Journey With Jesus, Day 2: Offending Sensibilities

Mark 2:1-3:6

In today’s passage, we see Jesus offending sensibilities.  He claims authority to forgive sins.  He eats with tax collector and sinners.  His disciples act differently than those of the Pharisees and even John the Baptist.  And to top it all off, Jesus has strange ideas about the Sabbath.  Ultimately, the Pharisees are so offended that they begin to plot Jesus’ death.

Though they are not mentioned directly in this regard, I wonder if the disciples’ sensibilities may also have been offended by Jesus.  In yesterday’s reading, we saw Jesus call two sets of brothers to follow him.  Both sets were fishermen, but a close reading reveals that they were probably not in the same economic class.  (This reading follows a very brief speculation in David Garland’s commentary on Mark.)  When Jesus calls Simon and Andrew, they are throwing their net into the lake from the shore.  There is not boat to speak of.  When he calls James and John, though, they are with their father in a boat along with “hired men.”  It seems that James and John are bit more well-to-do than Simon and Andrew.  I wonder if the difference in means ever caused tension in the group.  (After reading this post, a congregant raised a good objection to this reading of the fishermen.  Follow this link, if you’d like to follow up.)

Then in today’s reading, Jesus calls another disciple who is very different from the first four.  They, at least, were all fishermen.  Levi is nothing of the sort.  He is a tax collector who makes his living collecting funds for Israel’s overlords and by skimming off the top.  As such, Levi would have been despised by his own countrymen.  Jesus’ other disciples already have reason to dislike him.  But their dislike may have gone beyond general indignation at Levi’s profession.  In his commentary on Mark, Ben Witherington suggests that Simon, Andrew, James, and John may well have known Levi first hand because fish were a taxable commodity.  In this light, their dislike of Levi may have been more personal in nature.  Whatever the case, Jesus calls people from disparate backgrounds who are now joined because of their disicpleship to him.  I imagine that it may have been challenging to find common ground in light of real differences in life circumstances and even dislike of one another.  At times, following Jesus puts us in strange company, and the call is to unity rather than discord.  Offending sensibilities, indeed!

In this light, one does not need to be on the other side of the fence like the Pharisees to be offended by Jesus.  Disciples can be offended as well!  There are times when Jesus steps heavily on the ground of our lives and calls us to move beyond ourselves.  This may be in the call to unity or the call to forgiveness;  in the call to service or the call to purity.  Whatever the call, Jesus sometimes makes claims that ruffle our feathers.  The question is what we will do with our offense.  Will we become hostile like the Pharisees and seek to neutralize his voice?  Or will we seek to heed his word and example?  Herein lies the dilemma of discipleship.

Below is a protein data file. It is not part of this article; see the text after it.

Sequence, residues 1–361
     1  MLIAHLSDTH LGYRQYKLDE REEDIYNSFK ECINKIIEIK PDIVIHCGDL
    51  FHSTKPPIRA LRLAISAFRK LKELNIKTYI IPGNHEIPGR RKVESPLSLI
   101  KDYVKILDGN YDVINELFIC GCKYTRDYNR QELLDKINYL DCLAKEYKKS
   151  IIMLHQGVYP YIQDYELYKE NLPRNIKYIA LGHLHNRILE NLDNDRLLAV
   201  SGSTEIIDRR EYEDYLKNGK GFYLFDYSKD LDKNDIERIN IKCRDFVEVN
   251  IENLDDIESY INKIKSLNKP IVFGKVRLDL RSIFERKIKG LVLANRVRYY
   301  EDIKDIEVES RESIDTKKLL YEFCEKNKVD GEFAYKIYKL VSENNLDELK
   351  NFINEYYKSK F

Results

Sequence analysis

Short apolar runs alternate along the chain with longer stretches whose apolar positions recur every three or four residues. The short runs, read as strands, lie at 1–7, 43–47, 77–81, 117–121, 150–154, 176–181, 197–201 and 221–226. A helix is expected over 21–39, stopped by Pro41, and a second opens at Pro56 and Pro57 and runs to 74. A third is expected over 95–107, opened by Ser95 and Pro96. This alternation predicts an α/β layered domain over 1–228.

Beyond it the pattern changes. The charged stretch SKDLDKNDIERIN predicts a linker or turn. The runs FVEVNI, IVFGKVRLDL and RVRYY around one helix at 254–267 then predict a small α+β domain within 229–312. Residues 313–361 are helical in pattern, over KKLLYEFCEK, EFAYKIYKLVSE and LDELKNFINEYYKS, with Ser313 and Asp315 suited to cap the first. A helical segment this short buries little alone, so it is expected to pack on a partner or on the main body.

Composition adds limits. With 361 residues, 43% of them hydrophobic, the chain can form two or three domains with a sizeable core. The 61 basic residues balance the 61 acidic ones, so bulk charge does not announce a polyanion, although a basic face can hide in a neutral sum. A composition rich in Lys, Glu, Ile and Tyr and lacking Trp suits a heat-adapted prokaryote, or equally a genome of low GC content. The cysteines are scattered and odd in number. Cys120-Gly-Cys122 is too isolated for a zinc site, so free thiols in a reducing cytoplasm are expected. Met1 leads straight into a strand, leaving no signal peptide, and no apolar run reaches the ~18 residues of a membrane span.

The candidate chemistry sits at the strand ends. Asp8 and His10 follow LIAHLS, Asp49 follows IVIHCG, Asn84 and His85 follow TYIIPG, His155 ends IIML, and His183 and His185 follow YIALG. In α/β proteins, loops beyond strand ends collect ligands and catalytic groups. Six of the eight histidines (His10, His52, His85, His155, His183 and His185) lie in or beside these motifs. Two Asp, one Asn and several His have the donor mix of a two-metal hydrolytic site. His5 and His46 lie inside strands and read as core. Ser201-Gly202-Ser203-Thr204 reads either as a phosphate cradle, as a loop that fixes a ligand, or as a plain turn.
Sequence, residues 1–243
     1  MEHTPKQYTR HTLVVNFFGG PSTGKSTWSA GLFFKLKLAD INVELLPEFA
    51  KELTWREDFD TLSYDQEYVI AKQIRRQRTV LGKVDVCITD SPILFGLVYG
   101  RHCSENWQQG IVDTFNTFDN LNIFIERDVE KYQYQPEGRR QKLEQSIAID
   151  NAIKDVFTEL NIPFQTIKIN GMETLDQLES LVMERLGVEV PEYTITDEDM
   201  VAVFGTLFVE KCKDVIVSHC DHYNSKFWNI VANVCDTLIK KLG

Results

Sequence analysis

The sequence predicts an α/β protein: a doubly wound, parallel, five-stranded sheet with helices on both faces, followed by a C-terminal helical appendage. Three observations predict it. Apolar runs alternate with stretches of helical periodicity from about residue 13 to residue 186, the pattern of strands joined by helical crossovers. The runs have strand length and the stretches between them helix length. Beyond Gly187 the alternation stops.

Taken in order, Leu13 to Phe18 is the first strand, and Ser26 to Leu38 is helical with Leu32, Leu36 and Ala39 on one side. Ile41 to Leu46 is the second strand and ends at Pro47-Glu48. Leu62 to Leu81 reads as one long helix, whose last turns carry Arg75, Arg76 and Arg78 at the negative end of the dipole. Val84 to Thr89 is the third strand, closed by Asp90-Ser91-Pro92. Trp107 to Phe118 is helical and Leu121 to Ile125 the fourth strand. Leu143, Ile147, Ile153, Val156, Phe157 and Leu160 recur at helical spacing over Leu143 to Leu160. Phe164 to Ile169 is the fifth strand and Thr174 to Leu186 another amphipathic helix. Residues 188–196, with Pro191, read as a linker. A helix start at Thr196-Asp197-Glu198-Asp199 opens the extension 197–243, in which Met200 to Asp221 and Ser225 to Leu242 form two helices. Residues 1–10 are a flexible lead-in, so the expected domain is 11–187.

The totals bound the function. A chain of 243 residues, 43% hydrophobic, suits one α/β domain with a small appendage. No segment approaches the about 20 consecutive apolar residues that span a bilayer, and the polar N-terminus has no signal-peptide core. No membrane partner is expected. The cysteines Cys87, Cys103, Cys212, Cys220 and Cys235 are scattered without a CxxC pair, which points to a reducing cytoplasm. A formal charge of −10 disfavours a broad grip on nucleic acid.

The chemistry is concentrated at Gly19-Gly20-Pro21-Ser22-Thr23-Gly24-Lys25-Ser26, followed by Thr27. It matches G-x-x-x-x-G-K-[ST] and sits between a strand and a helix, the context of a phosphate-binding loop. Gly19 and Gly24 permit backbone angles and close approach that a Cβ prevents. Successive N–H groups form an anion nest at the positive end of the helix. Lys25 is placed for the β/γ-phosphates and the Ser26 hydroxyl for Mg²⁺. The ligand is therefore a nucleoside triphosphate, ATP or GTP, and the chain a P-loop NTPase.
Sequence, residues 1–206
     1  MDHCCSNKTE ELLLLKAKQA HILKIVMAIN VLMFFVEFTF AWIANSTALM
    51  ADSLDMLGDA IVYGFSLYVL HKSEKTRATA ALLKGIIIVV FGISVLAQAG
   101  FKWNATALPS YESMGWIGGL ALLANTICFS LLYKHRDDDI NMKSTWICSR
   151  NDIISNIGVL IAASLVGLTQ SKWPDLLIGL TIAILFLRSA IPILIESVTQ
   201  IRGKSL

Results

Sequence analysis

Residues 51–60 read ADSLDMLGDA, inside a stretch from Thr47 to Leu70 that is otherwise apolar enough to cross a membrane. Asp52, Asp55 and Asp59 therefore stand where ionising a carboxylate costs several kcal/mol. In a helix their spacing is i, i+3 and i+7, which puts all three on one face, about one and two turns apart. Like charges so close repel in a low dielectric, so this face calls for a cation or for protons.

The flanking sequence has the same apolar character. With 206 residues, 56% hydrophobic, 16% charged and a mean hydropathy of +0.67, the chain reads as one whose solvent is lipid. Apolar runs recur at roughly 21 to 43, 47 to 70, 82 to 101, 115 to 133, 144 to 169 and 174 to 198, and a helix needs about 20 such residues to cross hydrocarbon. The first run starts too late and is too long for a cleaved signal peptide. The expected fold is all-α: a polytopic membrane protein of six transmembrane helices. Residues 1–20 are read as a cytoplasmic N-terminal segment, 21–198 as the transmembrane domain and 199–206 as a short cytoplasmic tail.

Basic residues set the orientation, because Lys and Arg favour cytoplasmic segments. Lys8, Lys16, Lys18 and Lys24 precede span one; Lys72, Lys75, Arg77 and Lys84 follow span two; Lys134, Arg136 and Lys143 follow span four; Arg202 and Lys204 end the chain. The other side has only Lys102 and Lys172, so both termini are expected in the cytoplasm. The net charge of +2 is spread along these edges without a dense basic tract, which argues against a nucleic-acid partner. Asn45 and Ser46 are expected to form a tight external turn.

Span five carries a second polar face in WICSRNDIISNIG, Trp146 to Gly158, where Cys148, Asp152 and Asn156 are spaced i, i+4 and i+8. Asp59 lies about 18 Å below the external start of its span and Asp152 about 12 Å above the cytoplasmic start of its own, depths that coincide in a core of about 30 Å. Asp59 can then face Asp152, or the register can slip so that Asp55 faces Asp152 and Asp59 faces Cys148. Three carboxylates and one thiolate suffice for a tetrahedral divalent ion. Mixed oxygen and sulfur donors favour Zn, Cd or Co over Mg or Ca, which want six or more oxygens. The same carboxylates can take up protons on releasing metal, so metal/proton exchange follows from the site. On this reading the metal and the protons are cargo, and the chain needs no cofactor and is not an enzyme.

Journey With Jesus, Day 1: Touching the Untouchable

Mark 1:1-45 contains a number of stories that draw my attention.  John the Baptist captures the imagination of all Jerusalem and the surrounding countryside.  Jesus contends with Satan and then begins his ministry to the amazement of the people.  Jesus prays at a time when I would be looking to sleep and as a result is confident of his calling even to the point of turning down a great opportunity to capitalize on his growing fame.  All of these stories are compelling and deserving of attention, but my eyes are drawn today to the last story in our reading: Jesus’ healing of the leper.

No doubt, leprosy is a difficult disease in any society, and this would have been especially true in 1st century Judaism.  In this context, leprosy could refer to any number of skin diseases as outlined in Leviticus 13, and we are therefore not exactly sure what kind of skin disease afflicted the leper in the story.  We do know, however, that because he had been diagnosed with leprosy, he was considered religiously unclean.  As such, he would have been avoided much like a person with the swine flu is avoided in our society today.  His uncleanness was viewed as contagious, and people would have given him a wide berth.  In fact, Leviticus 13:45-46 calls for drastic action in cases of leprosy.  Lepers are commanded to “let their hair be unkempt, cover the lower part of their face and cry out, ‘Unclean! Unclean!’”  More than this, “They must live alone; they must live outside the camp.”  The man in the story is a man who has lost his standing in society.  How long has it been since he last felt a human touch?  And just what has he lost?  Did he have a job?  A family?  We can’t know with certainty, but we do know this: the man is desperate.